Cromartie had surgery last September for stomach cancer. By July, his cancer had spread, and he heard from doctors last week that they had done everything they could, according to Timothy Dalrymple, who profiled Cromartie for CT in 2013.

Dalrymple’s feature sums up the “Beltway believer’s” story this way:

Cromartie converted to Christianity as a teenager in the Vietnam War era, proclaimed himself a progressive pacifist, and joined a Christian commune. Shortly after joining Chuck Colson's then-new Prison Fellowship, however, he was literally mugged by reality when thieves invaded his hotel room in Denver in 1978 and left him bound and gagged. (Cromartie managed to convince the burglars to leave his new tie so he could still attend his meetings with dignity.) That experience and Colson's influence produced a paradigm shift, and Cromartie went on to work for the conservative Ethics and Public Policy Center, where he is now vice president and director of the Evangelicals in Civic Life project. From his perch on M Street five blocks from the White House, he has served as a consigliere for conservative Christians in the nation's capital.

He has also helped countless journalists, whose only map to evangelicalism reads HERE BE DRAGONS, chart a more finely drawn geography of the American Christian landscape. In fact, the concept for the forums took shape as Cromartie received one call after another from knowledgeable journalists who wanted to know whether all evangelicals hate sex, or whether he could provide contact information for the author and publisher of the Book of Ephesians.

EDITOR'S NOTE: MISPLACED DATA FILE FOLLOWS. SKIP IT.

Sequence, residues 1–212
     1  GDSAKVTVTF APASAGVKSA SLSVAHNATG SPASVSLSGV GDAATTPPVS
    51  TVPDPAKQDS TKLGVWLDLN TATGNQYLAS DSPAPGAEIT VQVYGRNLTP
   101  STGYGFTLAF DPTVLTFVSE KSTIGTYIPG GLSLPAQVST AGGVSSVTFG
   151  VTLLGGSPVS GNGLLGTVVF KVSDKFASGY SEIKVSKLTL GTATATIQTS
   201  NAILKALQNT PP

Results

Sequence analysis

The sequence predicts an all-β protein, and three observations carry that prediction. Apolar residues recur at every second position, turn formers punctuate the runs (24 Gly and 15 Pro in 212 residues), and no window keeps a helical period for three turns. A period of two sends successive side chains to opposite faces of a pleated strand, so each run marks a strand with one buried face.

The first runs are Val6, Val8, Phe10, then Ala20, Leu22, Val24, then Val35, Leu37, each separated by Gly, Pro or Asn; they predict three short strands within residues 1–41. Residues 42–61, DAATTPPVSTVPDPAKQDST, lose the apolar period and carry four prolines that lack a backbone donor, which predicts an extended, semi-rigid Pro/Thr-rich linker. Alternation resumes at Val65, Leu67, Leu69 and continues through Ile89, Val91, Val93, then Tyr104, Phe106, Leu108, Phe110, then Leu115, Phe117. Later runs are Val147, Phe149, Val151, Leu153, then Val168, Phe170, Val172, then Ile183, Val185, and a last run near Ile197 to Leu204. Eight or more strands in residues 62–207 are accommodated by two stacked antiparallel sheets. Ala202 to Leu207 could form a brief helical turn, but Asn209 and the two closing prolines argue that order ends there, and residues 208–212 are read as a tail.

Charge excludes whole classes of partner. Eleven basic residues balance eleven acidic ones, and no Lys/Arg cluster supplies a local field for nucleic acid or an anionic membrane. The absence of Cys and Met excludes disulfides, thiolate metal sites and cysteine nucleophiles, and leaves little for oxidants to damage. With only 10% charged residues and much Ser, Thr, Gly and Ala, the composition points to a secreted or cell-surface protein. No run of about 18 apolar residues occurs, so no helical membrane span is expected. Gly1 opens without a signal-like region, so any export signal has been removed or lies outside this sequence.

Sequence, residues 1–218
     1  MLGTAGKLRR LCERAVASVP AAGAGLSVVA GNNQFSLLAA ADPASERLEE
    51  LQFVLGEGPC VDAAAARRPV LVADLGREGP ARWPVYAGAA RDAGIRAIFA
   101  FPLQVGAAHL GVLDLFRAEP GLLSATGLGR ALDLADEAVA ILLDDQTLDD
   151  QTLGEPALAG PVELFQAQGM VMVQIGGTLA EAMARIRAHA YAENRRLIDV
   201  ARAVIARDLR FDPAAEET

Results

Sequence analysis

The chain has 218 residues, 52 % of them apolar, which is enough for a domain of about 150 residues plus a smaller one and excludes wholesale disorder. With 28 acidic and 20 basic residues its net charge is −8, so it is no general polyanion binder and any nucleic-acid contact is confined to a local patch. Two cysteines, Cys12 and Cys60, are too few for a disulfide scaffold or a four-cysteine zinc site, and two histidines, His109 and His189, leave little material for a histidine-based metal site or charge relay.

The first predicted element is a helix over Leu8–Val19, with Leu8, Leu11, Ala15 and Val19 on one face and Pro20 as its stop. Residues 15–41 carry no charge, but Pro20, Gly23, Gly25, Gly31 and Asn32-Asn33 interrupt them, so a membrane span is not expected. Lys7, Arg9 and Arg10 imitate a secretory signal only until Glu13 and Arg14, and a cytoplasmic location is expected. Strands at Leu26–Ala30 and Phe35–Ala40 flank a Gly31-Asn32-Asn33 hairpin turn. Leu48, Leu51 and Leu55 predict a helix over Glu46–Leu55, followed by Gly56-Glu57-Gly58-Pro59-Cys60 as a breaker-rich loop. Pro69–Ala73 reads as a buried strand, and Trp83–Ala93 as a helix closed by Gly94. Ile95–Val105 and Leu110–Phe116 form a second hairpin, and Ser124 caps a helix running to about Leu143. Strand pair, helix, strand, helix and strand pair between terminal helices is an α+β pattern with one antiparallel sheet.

“Grieving with many today over the death of the brilliant and gifted Michael Cromartie—a clear thinker with strong character. RIP,” tweeted John Stonestreet, president of the Colson Center. “Cromartie was a voice of clarity and reason, thoughtfulness and moral judgment. Brought people together in the best of ways.”

Even before his death, stories and tributes came pouring in on his family’s Facebook pages. His son Eric pledged to share the comments with his dad, who was hospitalized at Virginia Hospital Center in Arlington.

“Mike enriched the lives of those who became part of his community with his kindness, his genuine interest in others, his light touch, and his joie de vivre. This was obvious based on the outpouring of affection as his health worsened,” wrote EPPC colleague Peter Wehner. This was a man who left a deep imprint on people’s hearts and souls.”

Cromartie described his faith as “evangelical, reformed, Anglican” and attended Falls Church Anglican. He graduated from Covenant College and American University. A former chairman of the US Commission on International Religious Freedom, he regularly advocated for the cause of religious liberty.

He also served as a senior advisor to the Pew Forum on Religion and Public Life, a senior fellow with the Trinity Forum, and a former advisory editor at CT.

In a Politico feature on his birthday last month, he shared his morning routine: “Pray. Read the news. Then pray all the more!”